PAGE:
Some of Vermont's best-known colleges have taken steps to reduce the risk of the spread of coronavirus, by minimizing human contact and moving to online learning.
The University of Vermont announced Wednesday it is encouraging students not to return to campus after this week's spring break.
"Keeping myself safe," said UVM student Jamie Kalajian, who is now home in Massachusetts for the school's break. "They just told us to bring all our homework home for break, in case we had to stay home, so that's what I did."
As of Wednesday evening, Vermont has just two cases of coronavirus — one in Bennington County and another in Chittenden County. The state and individual communities do not want to see that number grow.
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That's why UVM said it's encouraging students like Kalajian to stay off campus — to stem the spread of the new coronavirus.
"What went into the decision-making was the safety and well-being of our faculty, staff and students," said Gary Derr, UVM's vice president for operations and public safety. "With that as the grounds for the decision, while it was a hard decision because it was a very complex decision, we knew it was the right decision to make for our community."
The campus will remain operational, Derr noted, adding that certain students will be allowed to stay — such as those from overseas.
Classes will be canceled Monday and Tuesday of next week, the university announced, then will switch to online learning next Wednesday.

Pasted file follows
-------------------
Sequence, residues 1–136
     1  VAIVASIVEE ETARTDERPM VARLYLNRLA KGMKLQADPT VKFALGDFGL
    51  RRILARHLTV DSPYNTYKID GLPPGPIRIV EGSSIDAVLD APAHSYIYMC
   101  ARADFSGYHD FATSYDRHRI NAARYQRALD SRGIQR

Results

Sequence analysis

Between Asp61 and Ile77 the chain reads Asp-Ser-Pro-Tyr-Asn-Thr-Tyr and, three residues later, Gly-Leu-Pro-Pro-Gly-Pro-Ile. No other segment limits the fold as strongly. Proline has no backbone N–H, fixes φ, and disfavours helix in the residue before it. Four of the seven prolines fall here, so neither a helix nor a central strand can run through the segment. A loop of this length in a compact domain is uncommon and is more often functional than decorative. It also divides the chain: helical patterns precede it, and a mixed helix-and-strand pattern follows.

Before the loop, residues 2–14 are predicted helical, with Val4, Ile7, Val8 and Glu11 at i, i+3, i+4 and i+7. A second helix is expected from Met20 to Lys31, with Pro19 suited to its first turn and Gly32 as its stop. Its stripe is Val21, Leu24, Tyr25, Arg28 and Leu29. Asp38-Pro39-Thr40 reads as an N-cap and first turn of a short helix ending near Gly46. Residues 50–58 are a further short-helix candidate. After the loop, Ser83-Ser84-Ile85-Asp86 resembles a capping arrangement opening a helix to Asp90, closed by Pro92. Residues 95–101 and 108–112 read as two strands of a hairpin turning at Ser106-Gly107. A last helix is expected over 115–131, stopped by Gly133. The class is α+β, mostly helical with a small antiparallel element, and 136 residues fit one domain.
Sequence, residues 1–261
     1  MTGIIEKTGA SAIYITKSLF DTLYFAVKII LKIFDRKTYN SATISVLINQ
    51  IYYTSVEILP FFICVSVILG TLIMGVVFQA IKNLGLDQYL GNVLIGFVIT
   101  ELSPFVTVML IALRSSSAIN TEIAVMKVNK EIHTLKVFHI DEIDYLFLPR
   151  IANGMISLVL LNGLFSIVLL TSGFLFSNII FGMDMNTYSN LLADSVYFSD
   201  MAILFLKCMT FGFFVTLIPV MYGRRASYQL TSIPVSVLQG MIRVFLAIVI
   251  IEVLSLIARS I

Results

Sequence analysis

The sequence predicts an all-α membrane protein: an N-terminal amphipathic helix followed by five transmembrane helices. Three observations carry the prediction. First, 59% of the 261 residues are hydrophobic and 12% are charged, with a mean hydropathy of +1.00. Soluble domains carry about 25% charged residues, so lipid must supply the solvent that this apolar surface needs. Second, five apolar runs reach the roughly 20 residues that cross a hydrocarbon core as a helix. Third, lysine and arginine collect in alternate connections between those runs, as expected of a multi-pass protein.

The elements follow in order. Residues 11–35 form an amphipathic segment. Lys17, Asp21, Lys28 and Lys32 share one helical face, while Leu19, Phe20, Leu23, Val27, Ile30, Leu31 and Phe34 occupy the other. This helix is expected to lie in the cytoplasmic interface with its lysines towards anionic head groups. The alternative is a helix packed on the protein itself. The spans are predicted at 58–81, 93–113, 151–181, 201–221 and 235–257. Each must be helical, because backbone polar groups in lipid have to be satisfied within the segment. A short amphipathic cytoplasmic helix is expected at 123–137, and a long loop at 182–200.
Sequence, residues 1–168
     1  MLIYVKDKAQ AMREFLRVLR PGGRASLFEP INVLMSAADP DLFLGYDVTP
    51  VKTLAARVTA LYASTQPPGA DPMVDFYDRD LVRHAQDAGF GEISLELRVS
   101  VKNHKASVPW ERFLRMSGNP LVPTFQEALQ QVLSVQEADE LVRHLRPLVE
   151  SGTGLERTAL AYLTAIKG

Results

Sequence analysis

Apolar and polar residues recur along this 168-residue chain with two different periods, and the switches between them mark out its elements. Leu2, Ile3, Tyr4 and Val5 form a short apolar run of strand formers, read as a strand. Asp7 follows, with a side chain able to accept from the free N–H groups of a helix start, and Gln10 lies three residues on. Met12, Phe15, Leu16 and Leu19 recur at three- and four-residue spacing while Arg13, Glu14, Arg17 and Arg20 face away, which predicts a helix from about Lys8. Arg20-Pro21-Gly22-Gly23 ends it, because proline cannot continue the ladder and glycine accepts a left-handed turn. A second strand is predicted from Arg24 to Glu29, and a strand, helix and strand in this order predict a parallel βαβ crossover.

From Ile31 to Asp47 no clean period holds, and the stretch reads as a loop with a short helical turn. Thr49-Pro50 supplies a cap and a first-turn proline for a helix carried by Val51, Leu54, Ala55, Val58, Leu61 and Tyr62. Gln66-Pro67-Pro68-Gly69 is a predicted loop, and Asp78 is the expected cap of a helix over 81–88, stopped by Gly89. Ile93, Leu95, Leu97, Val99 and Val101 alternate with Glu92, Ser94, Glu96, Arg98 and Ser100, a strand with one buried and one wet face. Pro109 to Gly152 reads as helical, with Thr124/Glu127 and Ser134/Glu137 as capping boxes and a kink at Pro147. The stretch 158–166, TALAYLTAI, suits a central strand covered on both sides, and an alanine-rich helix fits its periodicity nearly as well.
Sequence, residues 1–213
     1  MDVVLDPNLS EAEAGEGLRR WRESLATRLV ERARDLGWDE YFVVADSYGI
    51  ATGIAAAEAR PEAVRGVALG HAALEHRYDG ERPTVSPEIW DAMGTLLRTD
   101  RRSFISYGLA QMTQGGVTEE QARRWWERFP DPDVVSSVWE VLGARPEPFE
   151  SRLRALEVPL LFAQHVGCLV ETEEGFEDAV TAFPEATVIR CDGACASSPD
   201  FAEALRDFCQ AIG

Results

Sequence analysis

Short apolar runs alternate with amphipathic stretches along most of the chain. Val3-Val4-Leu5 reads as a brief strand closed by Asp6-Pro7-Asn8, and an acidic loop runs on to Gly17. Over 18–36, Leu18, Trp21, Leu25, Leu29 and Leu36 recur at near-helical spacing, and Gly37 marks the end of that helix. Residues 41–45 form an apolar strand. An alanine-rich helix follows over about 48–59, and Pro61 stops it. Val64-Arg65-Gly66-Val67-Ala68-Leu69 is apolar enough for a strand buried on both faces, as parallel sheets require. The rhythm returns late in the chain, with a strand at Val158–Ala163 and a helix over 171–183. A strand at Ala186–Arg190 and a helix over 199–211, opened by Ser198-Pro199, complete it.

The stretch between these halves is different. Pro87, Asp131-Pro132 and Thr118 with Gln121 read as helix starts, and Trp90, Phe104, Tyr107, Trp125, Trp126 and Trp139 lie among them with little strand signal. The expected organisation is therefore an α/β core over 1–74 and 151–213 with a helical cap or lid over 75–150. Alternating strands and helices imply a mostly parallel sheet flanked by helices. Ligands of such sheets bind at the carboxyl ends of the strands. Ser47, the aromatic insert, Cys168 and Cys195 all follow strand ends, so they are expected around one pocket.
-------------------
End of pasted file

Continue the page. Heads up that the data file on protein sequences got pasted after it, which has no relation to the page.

"I'm very confident in our faculty to be able to move to remote instruction and give our students a quality education," said Annie Stevens, UVM's vice provost for student affairs. "There's no doubt in my mind."
UVM joined a growing list of schools making such a move to reduce possible spread of COVID-19, the respiratory disease the new virus causes.
Vermont's Middlebury College announced Tuesday it'll have an extended spring break starting Friday, before going to remote learning.
Wednesday, Champlain College said spring break would be extended by a week, with classes resuming online on March 23.
Also on Wednesday, the New England Small College Athletic Conference, which Middlebury is a part of, announced its spring season is now off.
"Honestly, it's all in the name of us being a little bit safer," said Daniel Golstein, an exchange student at Middlebury. "It's necessary. It sucks, but it's necessary for now."
Middlebury said in a written statement that it is planning to re-evaluate its coronavirus stance in April.
UVM administrators told reporters Wednesday that they will continually assess the best ways to keep disease at bay, adding that it is way too early to know if graduation will be affected.
A big basketball game is scheduled for Saturday on the UVM campus, which the Hoop Cats need to win in order to get into the NCAA basketball tournament.
The NCAA announced Wednesday that the tournament would not be open to the general public. Derr and Stevens said as of Wednesday afternoon, fans will be allowed to attend Saturday's game at Patrick Gymnasium.